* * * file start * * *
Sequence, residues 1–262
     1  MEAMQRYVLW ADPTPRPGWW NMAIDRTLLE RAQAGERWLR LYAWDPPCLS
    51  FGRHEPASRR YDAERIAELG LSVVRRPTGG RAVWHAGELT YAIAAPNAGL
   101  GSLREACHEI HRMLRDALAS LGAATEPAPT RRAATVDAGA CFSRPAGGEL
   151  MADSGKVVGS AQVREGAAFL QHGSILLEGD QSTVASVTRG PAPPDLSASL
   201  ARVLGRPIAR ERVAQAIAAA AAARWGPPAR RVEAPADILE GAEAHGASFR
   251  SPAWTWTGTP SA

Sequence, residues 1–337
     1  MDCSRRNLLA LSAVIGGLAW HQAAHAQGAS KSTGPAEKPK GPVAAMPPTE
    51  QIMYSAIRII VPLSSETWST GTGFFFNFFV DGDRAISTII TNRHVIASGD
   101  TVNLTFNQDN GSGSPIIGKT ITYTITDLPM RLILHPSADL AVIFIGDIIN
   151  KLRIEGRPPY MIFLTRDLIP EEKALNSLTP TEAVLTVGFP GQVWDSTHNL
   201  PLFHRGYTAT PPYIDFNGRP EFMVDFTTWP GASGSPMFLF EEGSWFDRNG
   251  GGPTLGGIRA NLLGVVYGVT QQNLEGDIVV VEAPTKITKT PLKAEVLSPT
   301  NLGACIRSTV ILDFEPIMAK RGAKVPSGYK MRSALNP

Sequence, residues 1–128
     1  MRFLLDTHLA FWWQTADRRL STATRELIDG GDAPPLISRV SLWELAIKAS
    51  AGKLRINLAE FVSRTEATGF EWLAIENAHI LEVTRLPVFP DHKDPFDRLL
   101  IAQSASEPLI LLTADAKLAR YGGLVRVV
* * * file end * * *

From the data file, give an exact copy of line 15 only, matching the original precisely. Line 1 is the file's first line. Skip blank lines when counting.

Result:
   301  NLGACIRSTV ILDFEPIMAK RGAKVPSGYK MRSALNP